Our top 10 stories of February 2021: a success story for interventional oncology as intra-arterial delivery of chemotherapeutic agents is shown to improve survival, and a new trial investigating combined radioembolization and immunotherapy for hepatocellular carcinoma (HCC) treatment launches; the vascular community gears up for paclitaxel discussions at the 20–21 Charing Cross Symposium (CX; 1922 April, virtual); and various devices cleared by the US Food and Drug Administration (FDA).
1. IO solutions for patients with brain tumours: Intra-arterial delivery of chemotherapeutic agents improves survival
The use of intra-arterial delivery for the treatment of malignant brain tumours is safe and provides clinical benefits in terms of survival when used with the appropriate therapeutic agents, according to a small phase II study presented at the virtual European Conference on Interventional Oncology (ECIO; 24 February, online). Delivering these results, Gérald Gahide (Sherbrooke University Hospital, Sherbrooke, Quebec, Canada) told delegates that while the present study demonstrated the technical feasibility and safety of this application, “there is a dire need for designing multicentre, prospective, phase III studies to properly compare intra-arterial and intravenous treatments”.
2. NICE recommends selective internal radiation therapies for the treatment of hepatocellular carcinoma
The National Institute for Health and Care Excellence (NICE) has issued guidance recommending the use of selective internal radiation therapy (SIRT) for the treatment of patients with hepatocellular carcinoma (HCC), the most common form of liver cancer, with more than 6,400 cases diagnosed annually through the National Health Service (NHS) in England, Wales, and Northern Ireland.
3. Introduction of dedicated vascular limb salvage clinic improves one-year amputation outcomes for CLTI patients
One-year outcomes of patients with chronic-limb threatening ischaemia (CLTI) treated in an outpatient-based vascular limb salvage clinic show an improved rate of major amputation. Authors Andrew Nickinson (University of Leicester, Leicester, UK) and colleagues write in an online European Journal of Vascular and Endovascular Surgery (EJVES) article that their study supports the recommendations of the Global Vascular Guidelines and “provides a reproducible service model that delivers timely vascular assessment in an ambulatory setting”.
An FDA advisory panel has recommended against premarket approval of BD’s Lutonix 014 drug-coated balloon (DCB) for use in below-the-knee (BTK) arteries. In a meeting on 17 February, the majority of the FDA Cardiovascular Devices Panel concluded that the device was likely safe in BTK arteries, but not effective. The benefit-risk ratio also did not appear favourable for the Lutonix 014 DCB, it claimed.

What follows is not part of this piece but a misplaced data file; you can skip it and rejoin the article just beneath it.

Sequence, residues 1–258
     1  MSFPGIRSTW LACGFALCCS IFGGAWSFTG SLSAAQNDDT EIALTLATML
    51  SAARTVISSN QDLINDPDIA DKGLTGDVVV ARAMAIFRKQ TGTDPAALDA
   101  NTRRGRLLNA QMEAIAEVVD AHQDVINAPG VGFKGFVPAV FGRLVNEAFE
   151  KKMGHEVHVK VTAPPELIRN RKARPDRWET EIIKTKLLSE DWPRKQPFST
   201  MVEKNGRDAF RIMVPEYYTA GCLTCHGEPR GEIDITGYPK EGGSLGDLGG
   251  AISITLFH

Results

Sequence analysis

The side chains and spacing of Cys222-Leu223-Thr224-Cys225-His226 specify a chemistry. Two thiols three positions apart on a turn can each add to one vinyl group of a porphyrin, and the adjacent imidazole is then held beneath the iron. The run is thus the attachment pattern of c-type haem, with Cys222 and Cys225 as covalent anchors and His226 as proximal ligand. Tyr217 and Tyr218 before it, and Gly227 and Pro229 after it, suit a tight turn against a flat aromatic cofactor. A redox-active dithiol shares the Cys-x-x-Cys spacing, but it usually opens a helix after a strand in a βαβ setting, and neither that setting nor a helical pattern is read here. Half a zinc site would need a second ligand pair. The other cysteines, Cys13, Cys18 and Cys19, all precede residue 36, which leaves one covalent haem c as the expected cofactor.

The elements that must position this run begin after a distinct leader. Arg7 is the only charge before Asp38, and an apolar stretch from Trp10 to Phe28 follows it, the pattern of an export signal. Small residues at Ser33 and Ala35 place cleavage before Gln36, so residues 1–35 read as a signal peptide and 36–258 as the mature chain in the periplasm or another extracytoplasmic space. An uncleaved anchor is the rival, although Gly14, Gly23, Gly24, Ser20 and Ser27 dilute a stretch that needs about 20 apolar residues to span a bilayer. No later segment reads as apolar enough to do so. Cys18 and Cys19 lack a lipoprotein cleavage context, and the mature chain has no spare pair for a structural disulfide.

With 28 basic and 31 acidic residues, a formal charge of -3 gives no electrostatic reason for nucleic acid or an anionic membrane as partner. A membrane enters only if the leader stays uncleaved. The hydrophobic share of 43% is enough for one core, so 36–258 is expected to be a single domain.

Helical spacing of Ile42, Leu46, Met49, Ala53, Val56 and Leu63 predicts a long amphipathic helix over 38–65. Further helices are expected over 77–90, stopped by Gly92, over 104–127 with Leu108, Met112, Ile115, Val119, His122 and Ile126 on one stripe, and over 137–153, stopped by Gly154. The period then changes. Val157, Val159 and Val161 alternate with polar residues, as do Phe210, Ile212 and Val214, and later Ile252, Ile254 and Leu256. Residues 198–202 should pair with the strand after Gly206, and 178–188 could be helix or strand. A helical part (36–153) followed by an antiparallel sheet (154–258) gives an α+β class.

Andrew Holden (Auckland City Hospital; University of Auckland, Auckland, New Zealand) speaks to Interventional News ahead of this year’s Charing Cross Symposium (CX), which is being held online 19–22 April. In 2021, the conference will focus on controversies within the vascular and endovascular space.
Terumo Corporation has signed a definitive agreement to acquire all assets of Health Outcomes Sciences, a specialist in predictive analytics and clinical decision support for healthcare organisations.
Access Vascular has announced US Food and Drug Administration (FDA) clearance of its HydroMID midline catheter.
8. New trial investigating combination therapy of radioembolization and immunotherapy in HCC patients launches
The Society of Interventional Oncology (SIO) and Boston Scientific have announced a new multicentre, prospective, randomised trial to study combination therapy of radioembolization and immunotherapy in early and intermediate hepatocellular carcinoma (HCC) patients not eligible for curative treatments: ROWAN.
Rist Neurovascular recently announced that it has received FDA 510(k) clearance to market the Rist Cath Radial Access Long Sheath (Rist Cath) for the introduction of interventional devices into the peripheral, coronary, and neurovascular system.
Tobias Steinke (Düsseldorf, Germany), Matteo Tozzi (Varese, Italy) and Robert Shahverdyan (Hamburg, Germany) give their reactions to the publication in the New England Journal of Medicine of the IN.PACT AV Access clinical trial data, focusing on some of the key data as well as delving into how it has changed their practice and what impact the findings might have in terms of the quality of life for their patients. This video is sponsored by Medtronic.